Abby Sunderland abandons nonstop around the world quest

Abby Sunderland, one of two 16-year-old girls on different quests to sail around the world alone, nonstop and unassisted, has announced she will head to Cape Town, South Africa, to repair a faulty autopilot system.
The high-school junior from Thousand Oaks, Calif., stressed on her blog that she will continue her journey after making repairs and seek to become simply the youngest person to solo-circumnavigate the planet in a sailboat.
Jessica Watson, Sunderland’s Australian counterpart, is expected to complete her nonstop circumnavigation attempt in late May. Watson, who is five months older than Sunderland, is enduring severe weather aboard her 34-foot pink sailboat as she travels beneath Australia en route to her finish point at Sydney Harbor. Watson left Sydney last October.
Sunderland, who departed from Cabo San Lucas, Mexico, in early February aboard a 40-foot vessel, has been experiencing trouble with her autopilot system for the past several weeks, including during a precarious passage around treacherous Cape Horn at South America’s tip.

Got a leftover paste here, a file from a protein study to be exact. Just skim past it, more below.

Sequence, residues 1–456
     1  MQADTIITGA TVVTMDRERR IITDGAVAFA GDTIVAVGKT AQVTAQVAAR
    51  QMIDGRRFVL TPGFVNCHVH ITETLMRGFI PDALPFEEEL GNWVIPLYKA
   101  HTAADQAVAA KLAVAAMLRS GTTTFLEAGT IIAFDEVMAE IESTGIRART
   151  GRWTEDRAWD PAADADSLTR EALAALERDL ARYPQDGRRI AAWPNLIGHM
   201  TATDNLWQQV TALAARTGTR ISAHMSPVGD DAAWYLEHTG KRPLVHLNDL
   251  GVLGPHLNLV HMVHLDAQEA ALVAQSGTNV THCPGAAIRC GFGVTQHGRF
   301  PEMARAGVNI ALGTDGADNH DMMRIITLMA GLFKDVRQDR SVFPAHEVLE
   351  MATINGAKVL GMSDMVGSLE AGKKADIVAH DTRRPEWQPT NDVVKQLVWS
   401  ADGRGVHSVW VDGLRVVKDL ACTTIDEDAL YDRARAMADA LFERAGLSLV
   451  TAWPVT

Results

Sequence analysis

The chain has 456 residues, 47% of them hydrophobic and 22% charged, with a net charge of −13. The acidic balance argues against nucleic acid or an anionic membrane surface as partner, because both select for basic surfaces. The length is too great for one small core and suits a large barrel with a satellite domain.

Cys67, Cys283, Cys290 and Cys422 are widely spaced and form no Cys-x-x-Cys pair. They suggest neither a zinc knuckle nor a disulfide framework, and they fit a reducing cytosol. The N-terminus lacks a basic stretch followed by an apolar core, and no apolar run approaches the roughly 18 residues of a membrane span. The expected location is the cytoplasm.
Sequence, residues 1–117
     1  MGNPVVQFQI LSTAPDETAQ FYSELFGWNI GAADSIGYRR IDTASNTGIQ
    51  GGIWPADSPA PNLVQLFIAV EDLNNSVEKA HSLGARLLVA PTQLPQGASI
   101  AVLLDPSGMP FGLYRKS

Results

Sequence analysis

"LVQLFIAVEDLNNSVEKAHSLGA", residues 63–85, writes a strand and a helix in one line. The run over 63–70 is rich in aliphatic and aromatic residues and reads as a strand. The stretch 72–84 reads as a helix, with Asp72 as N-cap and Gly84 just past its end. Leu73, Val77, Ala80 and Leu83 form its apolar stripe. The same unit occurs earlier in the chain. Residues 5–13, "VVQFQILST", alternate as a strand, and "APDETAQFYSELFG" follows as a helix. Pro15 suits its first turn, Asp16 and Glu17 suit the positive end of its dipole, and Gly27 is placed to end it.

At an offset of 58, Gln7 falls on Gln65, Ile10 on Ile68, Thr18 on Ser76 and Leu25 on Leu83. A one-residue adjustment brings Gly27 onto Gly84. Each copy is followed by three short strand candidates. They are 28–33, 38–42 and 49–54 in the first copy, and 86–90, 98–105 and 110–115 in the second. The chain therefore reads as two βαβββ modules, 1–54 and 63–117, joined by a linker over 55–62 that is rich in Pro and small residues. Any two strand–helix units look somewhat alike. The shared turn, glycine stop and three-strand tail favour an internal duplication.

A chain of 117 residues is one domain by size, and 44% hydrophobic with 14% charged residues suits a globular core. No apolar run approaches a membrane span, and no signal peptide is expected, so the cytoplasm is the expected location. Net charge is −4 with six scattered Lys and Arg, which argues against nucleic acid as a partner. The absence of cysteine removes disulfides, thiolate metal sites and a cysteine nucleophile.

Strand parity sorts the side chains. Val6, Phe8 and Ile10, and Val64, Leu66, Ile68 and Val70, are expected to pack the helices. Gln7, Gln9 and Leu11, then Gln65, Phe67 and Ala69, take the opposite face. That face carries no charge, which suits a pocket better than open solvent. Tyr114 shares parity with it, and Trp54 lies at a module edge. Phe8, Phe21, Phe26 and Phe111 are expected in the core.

At one point recently, in rough seas and freezing temperatures, the intrepid mariner had to hand-steer from the stern deck for 24 consecutive hours.
Laurence Sunderland, Abby’s father, will fly to Cape Town and help Abby with repairs.
The father added that Abby’s older brother Zac made 13 stops and still became a hero during a solo-circumnavigation he completed, at 17, last July.
To put these adventures into perspective, more than 3,000 people have successfully climbed Mt. Everest during the past 56 years. According to the American Sailing Assn., fewer than 250 people have sailed alone around the world since Joshua Slocum logged the first documented solo-circumnavigation in 1898.

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